March is Women’s History Month, and that makes this a good time to look at one of trucking’s pioneers: Lillie Elizabeth McGee Drennan. As the first woman to receive a commercial truck driver’s license, she helped pave a way for many women to follow.
Early Life and Career
As a child, Lillie Elizabeth McGee came down with scarlet fever and would eventually lose much of her hearing. She would have to wear hearing aids for most of her adult life. After marrying Willard Ernest Drennan in 1917, the couple started their own trucking company. In order to help grow the business, she began driving her own truck. With success and a good deal of hard work, the family truck business Drennan Truck Lines continued to grow, adding more trucks and drivers and becoming a thriving business. Then, in 1929, Lillie became a divorcee – and the sole owner of the trucking company.
Sole Owner of Drennan Truck Line
As the sole owner of Drennan Truck Line, Lillie Drennan had to struggle to prove her own worth in a male-dominated field. Despite being denied her driver’s license (allegedly because of her hearing), she refused to give up. Eventually, she prevailed by showing officials that she was an experienced commercial driver with a clean driving record. They had no choice but to give her a license. For almost 24 accident-free, successful years, Lillie worked to continue building her trucking empire, freighting goods throughout East Texas.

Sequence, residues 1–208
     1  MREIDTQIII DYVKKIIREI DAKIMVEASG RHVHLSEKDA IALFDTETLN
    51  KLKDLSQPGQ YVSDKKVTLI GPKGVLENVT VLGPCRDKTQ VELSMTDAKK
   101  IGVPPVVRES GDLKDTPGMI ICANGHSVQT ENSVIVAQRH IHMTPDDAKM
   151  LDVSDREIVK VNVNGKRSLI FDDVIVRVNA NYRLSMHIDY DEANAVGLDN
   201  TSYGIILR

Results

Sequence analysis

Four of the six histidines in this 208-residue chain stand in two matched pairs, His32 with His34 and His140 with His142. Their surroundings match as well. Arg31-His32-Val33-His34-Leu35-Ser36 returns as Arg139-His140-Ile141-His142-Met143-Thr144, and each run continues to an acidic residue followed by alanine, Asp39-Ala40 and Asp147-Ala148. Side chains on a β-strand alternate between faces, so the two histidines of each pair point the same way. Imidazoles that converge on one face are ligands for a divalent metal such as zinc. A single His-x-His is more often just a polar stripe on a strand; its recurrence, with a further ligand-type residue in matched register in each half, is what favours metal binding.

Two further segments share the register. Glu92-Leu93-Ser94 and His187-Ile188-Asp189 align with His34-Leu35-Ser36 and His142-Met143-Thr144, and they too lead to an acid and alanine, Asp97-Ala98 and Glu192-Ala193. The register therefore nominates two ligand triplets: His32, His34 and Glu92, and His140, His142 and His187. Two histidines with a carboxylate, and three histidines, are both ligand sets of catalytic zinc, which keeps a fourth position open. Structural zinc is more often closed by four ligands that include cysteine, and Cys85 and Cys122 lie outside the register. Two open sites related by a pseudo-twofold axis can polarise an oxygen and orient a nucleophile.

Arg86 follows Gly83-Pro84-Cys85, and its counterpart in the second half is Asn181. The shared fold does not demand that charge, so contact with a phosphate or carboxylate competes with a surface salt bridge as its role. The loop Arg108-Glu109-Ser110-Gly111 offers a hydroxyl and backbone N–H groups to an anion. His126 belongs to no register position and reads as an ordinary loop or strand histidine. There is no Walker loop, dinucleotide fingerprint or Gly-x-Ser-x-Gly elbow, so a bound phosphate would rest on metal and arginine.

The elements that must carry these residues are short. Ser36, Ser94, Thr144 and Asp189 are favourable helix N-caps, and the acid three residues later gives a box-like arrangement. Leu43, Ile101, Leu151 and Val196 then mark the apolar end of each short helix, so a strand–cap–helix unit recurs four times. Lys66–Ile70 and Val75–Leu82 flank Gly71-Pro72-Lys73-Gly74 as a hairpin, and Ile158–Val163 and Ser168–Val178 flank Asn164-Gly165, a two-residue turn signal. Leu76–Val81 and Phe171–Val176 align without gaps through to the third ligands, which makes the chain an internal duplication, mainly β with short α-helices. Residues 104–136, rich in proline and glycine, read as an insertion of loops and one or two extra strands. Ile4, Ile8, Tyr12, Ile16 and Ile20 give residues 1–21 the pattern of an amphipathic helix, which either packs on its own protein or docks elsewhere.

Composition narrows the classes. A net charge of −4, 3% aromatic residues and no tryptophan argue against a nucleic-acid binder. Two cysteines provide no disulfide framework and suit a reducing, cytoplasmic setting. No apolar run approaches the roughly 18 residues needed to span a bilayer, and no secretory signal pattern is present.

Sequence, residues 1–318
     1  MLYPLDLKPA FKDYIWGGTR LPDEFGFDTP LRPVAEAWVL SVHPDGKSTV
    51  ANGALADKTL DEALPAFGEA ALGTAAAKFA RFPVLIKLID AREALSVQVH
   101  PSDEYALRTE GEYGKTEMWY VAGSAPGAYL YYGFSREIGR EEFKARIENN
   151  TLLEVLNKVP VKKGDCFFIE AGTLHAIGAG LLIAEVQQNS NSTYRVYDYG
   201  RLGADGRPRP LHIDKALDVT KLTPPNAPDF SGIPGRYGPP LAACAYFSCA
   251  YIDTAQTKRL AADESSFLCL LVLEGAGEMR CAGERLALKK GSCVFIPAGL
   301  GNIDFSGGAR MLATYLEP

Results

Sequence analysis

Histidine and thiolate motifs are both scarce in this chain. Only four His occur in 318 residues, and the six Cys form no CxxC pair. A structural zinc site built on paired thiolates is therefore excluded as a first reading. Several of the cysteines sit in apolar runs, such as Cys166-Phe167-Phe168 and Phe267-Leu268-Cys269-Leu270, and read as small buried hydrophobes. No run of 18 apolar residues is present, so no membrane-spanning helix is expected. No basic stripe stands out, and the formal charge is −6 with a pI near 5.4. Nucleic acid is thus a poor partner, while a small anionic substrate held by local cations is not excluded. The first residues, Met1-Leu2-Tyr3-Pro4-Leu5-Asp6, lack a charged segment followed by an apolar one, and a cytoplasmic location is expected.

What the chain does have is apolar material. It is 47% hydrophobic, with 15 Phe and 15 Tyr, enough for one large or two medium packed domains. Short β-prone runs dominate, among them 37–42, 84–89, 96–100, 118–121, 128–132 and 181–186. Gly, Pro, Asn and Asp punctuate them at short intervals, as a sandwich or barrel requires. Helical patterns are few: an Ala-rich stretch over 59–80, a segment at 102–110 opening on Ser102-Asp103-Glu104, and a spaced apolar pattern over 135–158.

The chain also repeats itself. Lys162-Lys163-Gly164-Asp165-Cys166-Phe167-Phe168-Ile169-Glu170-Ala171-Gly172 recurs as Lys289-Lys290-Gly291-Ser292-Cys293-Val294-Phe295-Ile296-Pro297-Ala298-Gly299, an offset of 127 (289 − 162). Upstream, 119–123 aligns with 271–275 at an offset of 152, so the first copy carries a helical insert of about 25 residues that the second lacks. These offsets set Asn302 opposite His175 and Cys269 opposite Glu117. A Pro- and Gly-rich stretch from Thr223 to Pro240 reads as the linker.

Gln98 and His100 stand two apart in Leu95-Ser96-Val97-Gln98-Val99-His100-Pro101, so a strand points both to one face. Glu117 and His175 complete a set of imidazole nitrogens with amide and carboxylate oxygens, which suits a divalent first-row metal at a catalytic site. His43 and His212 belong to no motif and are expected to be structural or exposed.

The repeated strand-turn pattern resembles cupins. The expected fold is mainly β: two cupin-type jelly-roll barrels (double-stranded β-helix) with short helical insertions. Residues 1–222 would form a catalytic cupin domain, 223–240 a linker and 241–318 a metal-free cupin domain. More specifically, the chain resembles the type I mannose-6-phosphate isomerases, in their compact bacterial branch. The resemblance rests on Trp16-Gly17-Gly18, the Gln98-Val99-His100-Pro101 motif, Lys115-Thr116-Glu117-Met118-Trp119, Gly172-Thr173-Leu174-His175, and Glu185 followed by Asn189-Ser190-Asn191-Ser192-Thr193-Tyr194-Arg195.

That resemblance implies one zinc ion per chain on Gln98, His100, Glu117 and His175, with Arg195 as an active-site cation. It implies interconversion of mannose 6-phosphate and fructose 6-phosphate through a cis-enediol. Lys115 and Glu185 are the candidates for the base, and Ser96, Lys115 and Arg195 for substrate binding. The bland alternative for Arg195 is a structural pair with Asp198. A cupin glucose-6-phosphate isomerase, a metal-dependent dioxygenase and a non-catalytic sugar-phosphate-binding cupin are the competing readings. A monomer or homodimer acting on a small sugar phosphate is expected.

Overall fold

Over time, Lillie Drennan made a national name for herself through several notable achievements, including being a woman leader in a male-dominated field and the first licensed woman truck driver. She wowed audiences with her driving at the Dallas fairgrounds by participating in the “Roadeo” obstacle course. In World War II, the army praised her for helping recruit women drivers to the war effort. Eventually, even those who gave her a hard time would recognize her skills, rewarding efforts and her flawless safety record. The LA Times called her, “a dry land tugboat Annie.” A hero to women and to those suffering from disabilities, Lillie continues to inspire many who follow in her footsteps.
For more information about how to follow in Lillie Drennan’s footsteps, and getting started on the road to your own commercial driver’s license, contact us today! If she can do it, so can you!
“Disability History Month: Drennan, Lillie Elizabeth McGee: Truck Driver (1897-1974)” Office of the Governor Greg Abbott, https://content.
“Drennan, Lillie Elizabeth McGee,” Texas State Historical Society, https://tshaonline.